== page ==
State and federally threatened piping plovers have returned to Connecticut's coastal beaches for the upcoming nesting season. During April, staff from the DEEP Wildlife Division and the Audubon Alliance for Coastal Waterbirds, along with numerous volunteers, will be installing string fencing and signs to protect beach nesting areas for piping plovers and least terns.

Coastal development and recreational use of beaches are eroding vital habitat and greatly reducing the areas where these birds can feed and nest. You can help birds and other wildlife by ensuring that use of the remaining areas is compatible with wildlife use. Audubon Connecticut provides some helpful tips to get you started.
Small Boat Users: Keep Distance from Nesting Swans
Kayakers, canoeists, jet skiers, and those in small boats are advised to be on the lookout for mute swans and use caution when near swan nesting territories during the nesting season (approximately late March into June). While nesting and raising young, mute swans will aggressively defend their territories against perceived threats, including people in small watercrafts. With wingspans that can reach 6 feet long, swans are capable of causing serious injury and possibly tipping over small boats. To protect yourself and the swans, stay away from nests, give swans a wide berth, and always wear a life jacket.

Live Birds of Prey Program at Sessions Woods
On Sunday, April 30, the Friends of Sessions Woods Annual meeting will feature a FREE live birds of prey program at the Wildlife Division's Sessions Woods Conservation Education Center (341 Milford St., Burlington). The event will begin with the infamous Dessert Extravaganza Potluck at 12:30 PM (please bring a dessert to share). At 1:00 PM, there will be a brief, 10-minute business meeting before the featured presentation. This year's program will be "Talons! A Birds of Prey Experience" with Master Falconer Lorrie Schumacher. Lorrie will provide an up-close opportunity for the audience and enlighten attendees about the conservation of these beautiful birds. You must pre-register for this program by calling 860-424-3011 or emailing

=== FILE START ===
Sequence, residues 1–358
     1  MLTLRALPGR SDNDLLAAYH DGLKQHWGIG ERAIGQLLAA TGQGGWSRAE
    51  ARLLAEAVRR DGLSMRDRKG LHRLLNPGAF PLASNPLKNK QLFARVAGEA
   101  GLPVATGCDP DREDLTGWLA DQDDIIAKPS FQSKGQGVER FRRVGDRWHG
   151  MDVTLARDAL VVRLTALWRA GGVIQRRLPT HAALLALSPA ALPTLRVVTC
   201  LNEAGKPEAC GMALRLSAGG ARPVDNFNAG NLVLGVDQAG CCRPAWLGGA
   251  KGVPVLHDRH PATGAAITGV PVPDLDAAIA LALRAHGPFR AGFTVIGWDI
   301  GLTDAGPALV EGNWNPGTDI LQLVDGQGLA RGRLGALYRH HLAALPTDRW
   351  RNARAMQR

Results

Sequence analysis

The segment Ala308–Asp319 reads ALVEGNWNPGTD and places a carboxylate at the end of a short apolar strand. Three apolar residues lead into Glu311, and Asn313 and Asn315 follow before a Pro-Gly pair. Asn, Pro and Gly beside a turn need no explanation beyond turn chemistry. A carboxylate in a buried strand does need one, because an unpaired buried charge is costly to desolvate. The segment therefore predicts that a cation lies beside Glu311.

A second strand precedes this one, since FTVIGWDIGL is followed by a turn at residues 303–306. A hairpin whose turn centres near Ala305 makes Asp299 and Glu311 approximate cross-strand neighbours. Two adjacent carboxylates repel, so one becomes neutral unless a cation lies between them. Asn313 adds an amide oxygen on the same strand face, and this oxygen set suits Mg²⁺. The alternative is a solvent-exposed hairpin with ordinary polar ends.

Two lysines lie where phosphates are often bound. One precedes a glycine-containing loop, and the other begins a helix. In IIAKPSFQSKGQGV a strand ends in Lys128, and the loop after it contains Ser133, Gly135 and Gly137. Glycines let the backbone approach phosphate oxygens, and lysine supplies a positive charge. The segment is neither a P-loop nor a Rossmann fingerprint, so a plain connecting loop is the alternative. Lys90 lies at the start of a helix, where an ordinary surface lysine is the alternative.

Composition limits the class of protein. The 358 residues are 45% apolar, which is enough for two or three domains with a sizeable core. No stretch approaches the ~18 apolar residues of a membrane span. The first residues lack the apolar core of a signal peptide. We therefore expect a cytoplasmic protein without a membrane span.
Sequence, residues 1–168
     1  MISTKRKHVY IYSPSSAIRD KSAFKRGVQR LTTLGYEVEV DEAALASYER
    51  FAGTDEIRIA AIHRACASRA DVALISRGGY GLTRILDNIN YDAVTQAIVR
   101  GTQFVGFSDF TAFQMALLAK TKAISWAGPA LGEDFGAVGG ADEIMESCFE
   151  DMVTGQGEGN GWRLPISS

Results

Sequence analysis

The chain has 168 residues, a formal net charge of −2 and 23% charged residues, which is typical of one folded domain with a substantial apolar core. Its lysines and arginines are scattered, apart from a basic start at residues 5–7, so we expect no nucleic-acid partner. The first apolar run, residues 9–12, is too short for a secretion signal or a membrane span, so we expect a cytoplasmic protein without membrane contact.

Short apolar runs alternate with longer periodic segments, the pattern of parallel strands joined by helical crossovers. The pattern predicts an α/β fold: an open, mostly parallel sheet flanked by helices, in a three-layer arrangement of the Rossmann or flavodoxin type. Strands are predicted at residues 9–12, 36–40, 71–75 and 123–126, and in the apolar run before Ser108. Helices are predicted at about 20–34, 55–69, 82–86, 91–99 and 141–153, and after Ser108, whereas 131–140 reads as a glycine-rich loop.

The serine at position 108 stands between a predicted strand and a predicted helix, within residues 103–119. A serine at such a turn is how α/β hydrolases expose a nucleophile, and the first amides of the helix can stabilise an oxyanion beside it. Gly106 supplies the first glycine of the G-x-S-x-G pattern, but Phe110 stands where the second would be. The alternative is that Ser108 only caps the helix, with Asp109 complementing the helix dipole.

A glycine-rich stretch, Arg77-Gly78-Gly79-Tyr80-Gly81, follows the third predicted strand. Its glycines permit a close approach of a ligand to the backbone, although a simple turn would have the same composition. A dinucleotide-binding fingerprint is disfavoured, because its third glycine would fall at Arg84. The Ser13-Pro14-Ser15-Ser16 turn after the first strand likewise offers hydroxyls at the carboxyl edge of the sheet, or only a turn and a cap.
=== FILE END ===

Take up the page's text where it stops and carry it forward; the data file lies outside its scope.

Celebrate Earth Day, April 22
Overlooking Hartford - 1972
This year, as we celebrate another Earth Day, Connecticut DEEP is looking back at how far we have come in improving and protecting our state's environment and wildlife since the early 1970s when Earth Day was first celebrated (1970) and  the original Connecticut Department of Environmental Protection (now DEEP) was established (1971).
Save Wildlife!
Please dispose of fishing line in special recycling receptacles.

Species of the Month: Woodpeckers
Red-bellied Woodpecker
An incredible diversity of wildlife species can be found in our state. Take some time to discover Connecticut's wildlife!

Connecticut is home to 7 species of woodpeckers that live in forests, woodlands, orchards, residential areas, and city parks throughout the state. An important part of the ecosystem, woodpeckers help control insect populations and create nest cavities that are used by other birds and mammals that cannot excavate the cavities themselves. Nuthatches, screech owls, kestrels, starlings, squirrels, flying squirrels, deer mice, and raccoons all use woodpecker tree cavities.

Learn more about woodpeckers in Connecticut . . .
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You'll find each issue packed with information about wildlife, hunting, fishing, and natural resource-related issues in Connecticut.